The problem with a democratic system is that our freedoms often exact costs, and often those costs fall on others in one way or another.  One example of this in health care hits fairly close to home – my home.  My wife is a professor of voice, and she teaches college students.  Over the last 18 years, never has she had a year when she has not been confronted with sick and contagious students, as well as some with severe throat, sinus, or lung problems, who have no health insurance because neither they nor their parents have such insurance.  Not only do these students often infect others, but at times, their lack of insurance threatens their own permanent well-being.  More times than I want to count, my wife has paid for visits to doctors, and she has negotiated special rates with specialists for certain tests and procedures for her students. In the vast majority of cases, these students or their parents, and it is usually their parents’ doing, have made the choice of not paying for health insurance.  But there is a cost, either in time lost from work or studies [and lower grades, possibly even resulting in the loss of a scholarship], in overall health, and in the costs imposed or assumed by others.  One of the largest costs in the health care area is that of emergency room costs.

The health care area is just one example. Another is our presumption of innocence.  Under our system of justice, someone arrested or charged with a crime is presumed innocent.  That presumption results in literally billions of dollars being spent to prove guilt and convict presumed criminals, many of whom escape punishment not because they are innocent, but because they had better lawyers.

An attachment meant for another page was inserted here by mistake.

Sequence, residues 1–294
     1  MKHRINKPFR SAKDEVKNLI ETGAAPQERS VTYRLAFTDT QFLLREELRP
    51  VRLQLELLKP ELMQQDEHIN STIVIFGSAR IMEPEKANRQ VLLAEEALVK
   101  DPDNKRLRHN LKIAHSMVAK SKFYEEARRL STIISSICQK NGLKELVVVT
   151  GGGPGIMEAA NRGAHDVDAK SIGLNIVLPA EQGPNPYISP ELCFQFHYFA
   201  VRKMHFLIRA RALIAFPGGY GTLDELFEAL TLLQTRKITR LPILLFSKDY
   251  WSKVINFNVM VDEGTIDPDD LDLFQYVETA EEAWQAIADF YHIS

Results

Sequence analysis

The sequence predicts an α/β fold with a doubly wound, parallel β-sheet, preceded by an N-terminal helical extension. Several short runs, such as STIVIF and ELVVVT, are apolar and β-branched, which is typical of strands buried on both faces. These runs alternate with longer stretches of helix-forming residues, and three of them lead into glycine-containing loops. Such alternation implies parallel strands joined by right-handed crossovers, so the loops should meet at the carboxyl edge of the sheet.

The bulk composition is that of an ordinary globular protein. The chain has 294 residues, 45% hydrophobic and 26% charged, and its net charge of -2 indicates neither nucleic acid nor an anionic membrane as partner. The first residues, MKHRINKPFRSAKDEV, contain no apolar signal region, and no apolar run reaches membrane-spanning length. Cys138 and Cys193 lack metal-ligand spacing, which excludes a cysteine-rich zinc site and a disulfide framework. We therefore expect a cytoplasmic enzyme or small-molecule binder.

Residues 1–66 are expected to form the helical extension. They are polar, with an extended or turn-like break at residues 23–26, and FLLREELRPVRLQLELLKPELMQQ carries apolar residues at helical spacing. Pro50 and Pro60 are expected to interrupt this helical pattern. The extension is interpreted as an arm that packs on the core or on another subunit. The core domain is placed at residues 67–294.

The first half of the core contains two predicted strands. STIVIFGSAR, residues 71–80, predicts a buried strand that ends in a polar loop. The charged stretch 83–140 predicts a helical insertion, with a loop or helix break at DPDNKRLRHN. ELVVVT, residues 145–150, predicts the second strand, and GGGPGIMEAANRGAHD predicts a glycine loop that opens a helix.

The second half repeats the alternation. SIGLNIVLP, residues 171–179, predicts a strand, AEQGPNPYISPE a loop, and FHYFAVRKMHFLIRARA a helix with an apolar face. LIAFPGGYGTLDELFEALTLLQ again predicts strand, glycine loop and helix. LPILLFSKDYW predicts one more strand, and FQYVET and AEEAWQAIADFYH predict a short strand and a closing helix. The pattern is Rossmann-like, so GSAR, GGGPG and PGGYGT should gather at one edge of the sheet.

Another area is child welfare.  Because we choose not to send poor families to poorhouses and debtors’ prisons, but to allow them freedom, we end up paying significant sums to welfare mothers and others, and subsidizing food – largely in the hope that at least some of it will get to children – rather than taking the children and letting their parents fend for themselves.

Yet another is the freedom of movement.  We allow people great freedom to own vehicles, to operate them at high rates of speed, and even presume that they will do so sensibly.  We also combine that freedom with that of drinking.  This “combination” of freedoms costs more than 40,000 lives annually, and billions in damages and destruction.

The last freedom we provide in the United States is simple.  In allowing people the freedom to innovate and to be successful, we also allow most people the freedom to make enough bad choices to hurt, if not destroy, themselves.

Am I suggesting a more totalitarian approach and an adoption of the Napoleonic Legal Code?  Heavens, no!  But what I am suggesting is that there are real and measurable costs to “freedom,” restricted as some think it now is, and that it is anything but “free,” and part of those costs are included in our taxes, in our insurance bills, and in the costs of the goods we buy… as well in human suffering and tragedy.

The “Value” Problem in Taxation

More than a few commentators on the left and elsewhere – as well as a host of Democratic legislators – are deploring the idea that families who earn more than $250,000 will be allowed to share in the continued lower tax rates of the so-called Bush tax cuts, and more than a few letters have graced the pages of various publications declaring that the rich and super-rich shouldn’t get such benefits.

Were the people who made $25,000 in the mid-1950s “rich?”  Certainly, no one I knew thought they were rich.  Well-off perhaps, even affluent, but certainly not anywhere close to rich.  Yet an income of $250,000 today is worth about what $25,000 was 60 years ago, perhaps even less, adjusted for inflation.  In real terms, even gasoline prices aren’t that much higher than then, and they’re certainly far lower, in terms of the purchasing power of the dollar, than they were during the “gas crisis” of the early 1970s.